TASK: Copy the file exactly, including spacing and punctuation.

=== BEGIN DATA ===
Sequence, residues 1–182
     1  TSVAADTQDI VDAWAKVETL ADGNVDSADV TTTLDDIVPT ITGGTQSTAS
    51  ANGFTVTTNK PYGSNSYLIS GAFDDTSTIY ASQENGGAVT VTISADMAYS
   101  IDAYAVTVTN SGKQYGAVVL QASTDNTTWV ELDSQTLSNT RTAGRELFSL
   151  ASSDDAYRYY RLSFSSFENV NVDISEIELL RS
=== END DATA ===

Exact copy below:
Sequence, residues 1–182
     1  TSVAADTQDI VDAWAKVETL ADGNVDSADV TTTLDDIVPT ITGGTQSTAS
    51  ANGFTVTTNK PYGSNSYLIS GAFDDTSTIY ASQENGGAVT VTISADMAYS
   101  IDAYAVTVTN SGKQYGAVVL QASTDNTTWV ELDSQTLSNT RTAGRELFSL
   151  ASSDDAYRYY RLSFSSFENV NVDISEIELL RS